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About Us

On April 1, 1973. Gary Neptune first opened the doors to his little shop in the university town of Boulder, Colorado. In the beginning, the shop primarily repaired climbing and ski boots, and also installed edges on wooden skis and re-shafted ice axes. Today, he no longer repairs footwear, but he still does what he loves the most – ski and climb.

Founder, Gary Neptune, curating his in-store climbing museum.

Gary surrounded himself with a staff of fellow adventurers fueled by the same passions and set about creating a shop run by enthusiasts for enthusiasts. Gary filled his shop with artifacts of his related passion for climbing and skiing history. The Neptune Mountaineering museum began to take shape in the late 1970′s and, through the efforts of Gary and numerous friends, has become one of the most extensive collections of its kind in the country.

The staff at Neptune continue to seek out perfect rock, fresh snow and dizzying heights all around the world. Gary’s easy going and informal approach attracted many fellow enthusiasts over the years, and that culture continues. Hands-on experience is important and playtime a necessity. And sharing that passion for "all things outdoor" with new adventurers or fellow enthusiasts is what the staff LOVES doing!

As we play together, we kind of become like family, maybe like the Addams family, but ‘family is family’. This section is dedicated to the hardworking Über humans who in fact are the guts, muscle and sinew of Neptune Mountaineering. ALSO: We salute the Neptune Alumni. Oh yeah, “Hi Mom!

The museum began to take shape in the late 1970's and through the efforts of Gary and his friends has become the most extensive collection of its kind in the country.

The museum houses various climbing and skiing equipment, mainly from the most significant period of mountain and polar exploration - the mid 1800's to the last half of the 20th century. There is also a large collection of photographs from this important period.

Groups, most often students, visit and are welcome in the museum. Gary usually meets with these groups so it's best to call ahead and schedule a tour.

In addition to the museum, Neptune Mountaineering offers lectures by world famous mountaineers, rock climbers and skiers at the least possible cost to the public. We hosted the first public lecture in the United States by Reinhold Messner. Other distinguished lecturers we have hosted include Peter Habeler, Sir Chris Bonington, Kurt Diemberger, Catherine Destivelle, Dick Durrance, Lynn Hill, Peter Croft, Mike Banks, Joe Simpson, George Band, Warren Harding and Royal Robbins - to name just a few! Many of our guest lecturers have also donated items to our museum.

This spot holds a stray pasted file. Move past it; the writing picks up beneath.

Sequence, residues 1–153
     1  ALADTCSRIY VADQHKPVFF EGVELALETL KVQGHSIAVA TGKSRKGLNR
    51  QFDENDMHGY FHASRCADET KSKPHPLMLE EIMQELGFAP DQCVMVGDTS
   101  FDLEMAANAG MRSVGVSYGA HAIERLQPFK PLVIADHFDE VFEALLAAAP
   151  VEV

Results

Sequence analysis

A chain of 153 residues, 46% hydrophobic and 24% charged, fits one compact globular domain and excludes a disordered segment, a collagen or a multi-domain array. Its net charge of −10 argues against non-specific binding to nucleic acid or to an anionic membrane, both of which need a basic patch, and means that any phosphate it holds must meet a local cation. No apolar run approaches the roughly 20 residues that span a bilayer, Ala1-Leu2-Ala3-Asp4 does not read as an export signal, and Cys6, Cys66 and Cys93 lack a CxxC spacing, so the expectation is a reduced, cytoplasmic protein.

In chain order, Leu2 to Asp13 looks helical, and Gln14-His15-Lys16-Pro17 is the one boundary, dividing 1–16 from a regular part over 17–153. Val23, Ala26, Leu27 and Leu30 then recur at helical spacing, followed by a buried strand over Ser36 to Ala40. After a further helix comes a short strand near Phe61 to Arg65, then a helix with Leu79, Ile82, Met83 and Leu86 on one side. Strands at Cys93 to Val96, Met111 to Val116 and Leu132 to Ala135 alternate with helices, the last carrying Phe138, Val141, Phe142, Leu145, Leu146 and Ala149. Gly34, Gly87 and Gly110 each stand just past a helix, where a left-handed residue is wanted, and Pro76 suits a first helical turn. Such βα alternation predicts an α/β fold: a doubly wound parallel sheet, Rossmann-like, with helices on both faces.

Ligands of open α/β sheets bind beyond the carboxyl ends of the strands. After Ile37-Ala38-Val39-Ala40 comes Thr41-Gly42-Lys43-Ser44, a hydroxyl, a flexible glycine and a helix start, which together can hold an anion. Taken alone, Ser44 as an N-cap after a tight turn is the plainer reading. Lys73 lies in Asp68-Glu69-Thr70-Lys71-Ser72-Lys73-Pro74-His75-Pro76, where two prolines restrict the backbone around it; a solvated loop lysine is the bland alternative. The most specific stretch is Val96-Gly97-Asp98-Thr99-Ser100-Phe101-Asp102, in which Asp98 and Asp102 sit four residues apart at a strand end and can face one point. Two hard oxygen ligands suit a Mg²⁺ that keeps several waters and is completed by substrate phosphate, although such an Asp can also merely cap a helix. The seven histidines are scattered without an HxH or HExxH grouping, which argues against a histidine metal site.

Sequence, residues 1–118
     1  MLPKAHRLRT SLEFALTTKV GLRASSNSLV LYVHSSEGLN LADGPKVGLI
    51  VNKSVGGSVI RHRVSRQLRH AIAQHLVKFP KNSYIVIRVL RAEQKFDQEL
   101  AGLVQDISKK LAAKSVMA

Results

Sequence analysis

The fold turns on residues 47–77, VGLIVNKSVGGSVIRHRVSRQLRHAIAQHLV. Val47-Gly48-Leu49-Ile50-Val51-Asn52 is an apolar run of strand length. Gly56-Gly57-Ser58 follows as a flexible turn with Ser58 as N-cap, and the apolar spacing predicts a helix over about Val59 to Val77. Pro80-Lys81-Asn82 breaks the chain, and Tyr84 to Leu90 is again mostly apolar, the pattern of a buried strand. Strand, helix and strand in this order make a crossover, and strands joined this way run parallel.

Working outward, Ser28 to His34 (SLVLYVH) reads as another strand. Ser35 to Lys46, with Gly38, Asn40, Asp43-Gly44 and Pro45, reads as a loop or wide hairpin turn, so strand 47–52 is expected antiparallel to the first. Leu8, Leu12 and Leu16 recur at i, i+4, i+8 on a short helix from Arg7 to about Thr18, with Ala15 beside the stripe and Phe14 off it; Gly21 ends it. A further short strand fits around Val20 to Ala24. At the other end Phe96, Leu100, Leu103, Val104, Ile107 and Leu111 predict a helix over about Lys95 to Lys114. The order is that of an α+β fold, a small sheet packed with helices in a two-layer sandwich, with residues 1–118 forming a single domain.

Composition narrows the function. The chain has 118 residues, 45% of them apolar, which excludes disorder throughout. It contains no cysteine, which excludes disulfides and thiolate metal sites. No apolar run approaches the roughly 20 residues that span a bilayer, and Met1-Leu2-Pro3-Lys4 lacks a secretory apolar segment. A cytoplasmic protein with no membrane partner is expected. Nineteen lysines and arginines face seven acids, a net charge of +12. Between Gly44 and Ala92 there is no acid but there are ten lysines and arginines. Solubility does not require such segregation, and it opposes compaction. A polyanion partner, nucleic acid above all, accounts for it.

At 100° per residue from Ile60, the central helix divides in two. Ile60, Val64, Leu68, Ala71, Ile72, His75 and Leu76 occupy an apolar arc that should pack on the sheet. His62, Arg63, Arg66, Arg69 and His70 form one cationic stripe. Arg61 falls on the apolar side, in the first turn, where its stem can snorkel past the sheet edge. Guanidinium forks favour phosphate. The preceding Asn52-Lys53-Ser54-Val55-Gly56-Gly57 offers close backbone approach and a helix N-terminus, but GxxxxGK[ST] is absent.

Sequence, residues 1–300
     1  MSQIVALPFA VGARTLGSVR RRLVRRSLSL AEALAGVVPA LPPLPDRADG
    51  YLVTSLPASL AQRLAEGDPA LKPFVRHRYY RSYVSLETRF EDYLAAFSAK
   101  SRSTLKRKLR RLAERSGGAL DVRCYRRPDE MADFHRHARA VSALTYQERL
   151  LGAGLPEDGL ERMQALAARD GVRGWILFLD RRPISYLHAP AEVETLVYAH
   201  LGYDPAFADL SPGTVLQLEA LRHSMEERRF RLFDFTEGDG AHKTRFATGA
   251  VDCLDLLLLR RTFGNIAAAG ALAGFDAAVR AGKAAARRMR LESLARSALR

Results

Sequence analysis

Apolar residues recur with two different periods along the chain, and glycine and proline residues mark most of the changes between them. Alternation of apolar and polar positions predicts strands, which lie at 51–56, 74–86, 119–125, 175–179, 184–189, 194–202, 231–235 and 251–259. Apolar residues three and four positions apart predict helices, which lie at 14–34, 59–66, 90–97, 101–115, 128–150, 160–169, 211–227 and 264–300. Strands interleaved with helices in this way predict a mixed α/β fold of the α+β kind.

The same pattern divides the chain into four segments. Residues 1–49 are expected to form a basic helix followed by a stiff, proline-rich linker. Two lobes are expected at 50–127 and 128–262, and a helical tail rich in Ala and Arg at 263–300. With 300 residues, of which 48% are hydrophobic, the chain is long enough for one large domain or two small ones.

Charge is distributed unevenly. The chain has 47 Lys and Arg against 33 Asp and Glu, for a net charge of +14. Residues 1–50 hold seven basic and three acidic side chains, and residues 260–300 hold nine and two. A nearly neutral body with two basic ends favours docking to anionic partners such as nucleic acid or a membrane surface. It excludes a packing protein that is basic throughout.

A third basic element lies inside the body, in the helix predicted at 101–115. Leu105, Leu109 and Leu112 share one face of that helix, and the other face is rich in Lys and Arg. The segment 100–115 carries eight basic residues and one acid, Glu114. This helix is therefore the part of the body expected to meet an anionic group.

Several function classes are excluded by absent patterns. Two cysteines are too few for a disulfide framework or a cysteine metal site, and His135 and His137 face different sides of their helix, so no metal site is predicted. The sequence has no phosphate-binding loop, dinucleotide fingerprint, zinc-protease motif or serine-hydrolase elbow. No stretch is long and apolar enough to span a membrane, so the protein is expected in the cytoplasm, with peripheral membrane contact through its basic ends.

Just a few of the people and firms who have helped make the museum possible include: Peter Aschenbrenner • Paul Petzoldt • Elizabeth Knowlton • Jennifer Jordan • Dave Morison • Sir Edmund Hillary • Sibylle Hechtel • Anatoli Boukreev • Jeff Rhoads • Stubai • Serge Rivory • Vermont Tubbs • Peter Habeler • Friedl Wallner • Tom Hornbein • Paul Petzl • John Sherman • Sir Chris Bonington • Pat Ament • Clyde Soles • Gino Pisoni • Jack Fralick • Dick Bass • Frank Wells • Kurt Diemberger • Anderl Heckmair • Jim Glendenning • Mike O’Brian • Conrad Anker • Rolando Garibotti • Yvon Chouinard • Joe Simpson • Robert Schauer • Bob Ader • Charlet-Moser • Black Diamond • Jack Durrance • Dick Durrance • Rune Gjeldnes • Dick Pownall • Jeff Lowe • Åsnes Ski Norway • Simond • Pete Schoening • Gioachino Gobbi • Bergans Norway/USA • Tom Frost

Our Everest collection includes original boots and crampons from the first ascent of Mount Everest - not Hillary's but signed by Hillary. Also included is Peter Habeler's down suit, worn on his historic ascent of Everest with Reinhold Messner in 1978 - the first without bottled oxygen.

Boots, crampons, an ice axe and clothing from Gary Neptune's ascent of Everest in 1983 and his ascents of Makalu (1987), Ama Dablam (1981) and Gasherbrum II (1997) may also be seen.

Gary was fortunate to have known three members of the 1932 Nanga Parbat Expedition. After pioneering the route in 1932 "Himalaya Peter" Aschenbrenner very nearly climbed it in 1934 with Erwin Schneider. Not many years ago Peter signed one of his earliest ice axes for Gary. His design with small modifications was produced for over thirty years.

Over 200 different antique alpenstocks, ice axes and crampons are included in our Alps collection, some of which are over 100 years old. For over 40 years Gary has been traveling the world - climbing, skiing and collecting historic equipment.

Anderl Heckmair (who led the first ascent of the North Face of the Eiger in 1938) donated pitons and a carabiner from that famous climb.

Our museum specializes in ski equipment primarily used for touring, both Alpine and Nordic. There is an array of "Alpine" touring bindings that spans over 100 years of history and a collection of Rottefella bindings from about 1930 with 6-pins to the present.

Vintage ski clothing, ski boots, poles, bindings, early adhesive (with wax) seal skins and a waxing torch. In 1907 Abel Rossignol brought back a pair of skis from Norway and subsequently began producing skis at his spindle factory in Voiron, France (Val d’Isère). The pair of skis in the right of this case were among the first produced.

Gary's interest in the polar regions began with his trip as a geologist to Antarctica in 1967 - 1968. While there, he had the opportunity to do the first ascent of Mt. Andrus in the Ames Range of Marie Byrd Land.

The collection includes memorabilia from his trip to Antarctica, Tubbs skis and snowshoes from the early 1900's, seal skins, a hakapik (for killing seals), and some Sami skis.